Once again oil prices are pinching the pocketbook so I'm doing my part, lowering demand by working at home today. Not a bad deal — setting up shop with the laptop out on the porch where the welcome distraction is the battle between the blue jays and the cardinals over the backyard feeder.
Ah, telecommuting. One of the benefits of being in the scribe's trade is the ability to cast your thoughts where you will. Words can come together in the most unlikely places — when doing the dishes, working out at the gym, weeding the garden or lazing around on the living room couch in the company of youngsters who are entranced with endless episodes of Japanese anime or America's Next Top Model.
Better to be out on the screened porch where you can take in the spring air and chase the jay's angry call from tree to tree.
Sounds more like frolicking than work. In a way, it is — the upside, so to speak.
It could be much worse. I could be stringing thoughts during the 30-minute drive to the office in my four-cylinder SUV that's getting more expensive to run by the minute.
So now we're back to our never-ending dance with big oil and our own sorry dependency. Try as we may, we can't seem to get ourselves off the stuff.
Much as I like the idea of it, we couldn't afford the hybrid when we car-shopped earlier this year — even with the nice tax break. Ethanol, which once seemed promising, turned out to be another subsidy for farmers. High-speed rail, which looked like a start in the right direction to some, bit the dust in Florida a couple of weeks ago. Clean coal doesn't seem all that clean to the environmentalist. Natural gas has all that controversy over fracking and groundwater contamination. Nuclear power looks like a rather precarious alternative right now.
So we say another prayer for the Japanese, shake our heads and waltz to the pumps — the pumps at the discount store down the road where there's always a line because it's a whole seven cents a gallon cheaper than the station right around the corner.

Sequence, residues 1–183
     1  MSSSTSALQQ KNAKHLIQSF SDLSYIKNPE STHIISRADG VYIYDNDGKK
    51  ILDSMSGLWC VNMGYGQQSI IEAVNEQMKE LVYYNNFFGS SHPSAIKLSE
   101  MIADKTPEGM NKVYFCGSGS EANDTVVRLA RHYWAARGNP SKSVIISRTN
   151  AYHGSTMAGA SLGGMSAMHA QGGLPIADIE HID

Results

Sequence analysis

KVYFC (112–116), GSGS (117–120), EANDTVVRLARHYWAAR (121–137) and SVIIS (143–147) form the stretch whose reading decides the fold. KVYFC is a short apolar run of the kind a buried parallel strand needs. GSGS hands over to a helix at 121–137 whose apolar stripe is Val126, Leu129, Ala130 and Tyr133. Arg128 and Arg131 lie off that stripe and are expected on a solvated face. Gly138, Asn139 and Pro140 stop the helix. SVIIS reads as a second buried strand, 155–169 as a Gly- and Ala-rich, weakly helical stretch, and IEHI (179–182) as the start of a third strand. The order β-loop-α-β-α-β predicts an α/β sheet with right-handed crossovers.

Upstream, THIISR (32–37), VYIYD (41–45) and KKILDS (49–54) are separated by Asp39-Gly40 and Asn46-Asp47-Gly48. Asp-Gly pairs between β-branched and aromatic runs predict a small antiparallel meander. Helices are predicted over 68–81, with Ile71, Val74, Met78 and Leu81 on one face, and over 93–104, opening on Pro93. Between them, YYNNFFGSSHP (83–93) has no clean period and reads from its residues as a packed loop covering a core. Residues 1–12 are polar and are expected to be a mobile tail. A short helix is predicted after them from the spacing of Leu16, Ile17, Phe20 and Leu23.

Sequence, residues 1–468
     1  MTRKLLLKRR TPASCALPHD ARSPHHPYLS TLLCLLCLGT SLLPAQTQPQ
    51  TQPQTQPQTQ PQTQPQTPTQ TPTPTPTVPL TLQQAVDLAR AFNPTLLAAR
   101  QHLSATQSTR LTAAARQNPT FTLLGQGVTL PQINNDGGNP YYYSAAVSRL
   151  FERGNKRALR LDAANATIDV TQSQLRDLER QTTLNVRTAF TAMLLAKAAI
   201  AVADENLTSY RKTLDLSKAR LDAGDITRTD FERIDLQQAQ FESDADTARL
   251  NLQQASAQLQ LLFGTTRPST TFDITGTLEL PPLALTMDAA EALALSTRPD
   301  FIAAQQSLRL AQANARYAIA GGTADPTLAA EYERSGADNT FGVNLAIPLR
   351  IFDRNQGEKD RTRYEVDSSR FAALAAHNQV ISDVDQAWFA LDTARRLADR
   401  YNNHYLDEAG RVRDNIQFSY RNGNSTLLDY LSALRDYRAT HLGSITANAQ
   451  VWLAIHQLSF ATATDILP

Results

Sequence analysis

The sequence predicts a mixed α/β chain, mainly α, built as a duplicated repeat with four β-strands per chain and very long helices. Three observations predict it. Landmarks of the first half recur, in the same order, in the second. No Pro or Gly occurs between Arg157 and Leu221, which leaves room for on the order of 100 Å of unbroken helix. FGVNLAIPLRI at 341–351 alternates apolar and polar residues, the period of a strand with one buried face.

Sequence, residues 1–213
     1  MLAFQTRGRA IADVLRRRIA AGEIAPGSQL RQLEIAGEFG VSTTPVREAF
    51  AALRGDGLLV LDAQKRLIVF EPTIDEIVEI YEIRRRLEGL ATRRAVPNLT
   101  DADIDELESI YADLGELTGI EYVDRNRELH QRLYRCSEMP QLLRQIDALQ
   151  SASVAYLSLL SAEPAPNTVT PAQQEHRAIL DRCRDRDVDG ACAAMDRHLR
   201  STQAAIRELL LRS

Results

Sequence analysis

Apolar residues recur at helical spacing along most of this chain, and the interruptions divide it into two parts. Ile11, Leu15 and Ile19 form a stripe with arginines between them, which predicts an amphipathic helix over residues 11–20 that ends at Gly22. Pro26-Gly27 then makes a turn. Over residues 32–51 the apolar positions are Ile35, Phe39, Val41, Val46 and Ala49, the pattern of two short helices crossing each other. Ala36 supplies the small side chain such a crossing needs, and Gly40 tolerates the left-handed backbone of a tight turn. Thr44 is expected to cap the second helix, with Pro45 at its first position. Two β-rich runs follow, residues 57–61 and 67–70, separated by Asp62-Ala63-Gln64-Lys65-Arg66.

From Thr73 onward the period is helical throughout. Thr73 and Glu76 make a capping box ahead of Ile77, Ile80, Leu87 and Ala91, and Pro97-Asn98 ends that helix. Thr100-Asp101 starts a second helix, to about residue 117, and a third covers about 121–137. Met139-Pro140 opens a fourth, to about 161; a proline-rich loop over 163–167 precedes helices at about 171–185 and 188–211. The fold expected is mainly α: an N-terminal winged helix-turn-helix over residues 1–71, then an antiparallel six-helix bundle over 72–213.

It's the kind of effort you make to right your own ship in the rising tide. Pack your own lunches, grow your own vegetables, walk to the neighborhood pizza joint, brew your own coffee, stretch that solitary tea bag into three cups.
Been doing that for a while. Now what?
Stretch even more. Shop local.
We're all in the same boat after all.
Lent is a blessing for the Trinity Seafood Market, where I buy fish when the kids will eat it. But when I wince at the price of the favored northern flounder, the clerk at the counter suggests I try the basa, which turns out to be a fair substitute and a fair bit cheaper.
Down the street at Honeybee Farmers Market, the rising cost of gas and the recent cold weather here and in California and Mexico have turned into a double whammy for owners Ming and Jeff Pruett.
While Jeff, 37, supports the family of three as the manager of a nutrition store in Wesley Chapel, Ming, 43, who runs the farmers market, has yet to draw a paycheck.
They do their part to be competitive, purchasing most of their produce from local farmers markets in Tampa and Plant City.
"We're local, so we like to support the local farmers," Ming said.
And three weeks ago, when iceberg lettuce was going for $54 a case because the cold weather killed crops in California and Mexico, Ming refused to stock it.
"People are definitely shopping around more these days," she said. "We pick and choose our battles, too, and I just couldn't see charging my customers $4 a head for iceberg lettuce. We'd never sell it."
Even so, the two are chasing the American dream as they slowly expand their business into the organic health food market.
"In this economy it might seem crazy," Ming said, "Anyone who shops knows that organic is a pricey alternative."
Their solution was to start an organic produce co-op. So far they have 25 families on board.
"More people buying in bulk means a better variety," Ming said. "And it gives us buying power. That will bring the prices down — make it more affordable."
That would be the upside, so to speak.
Michele Miller can be reached at firstname.lastname@example.org.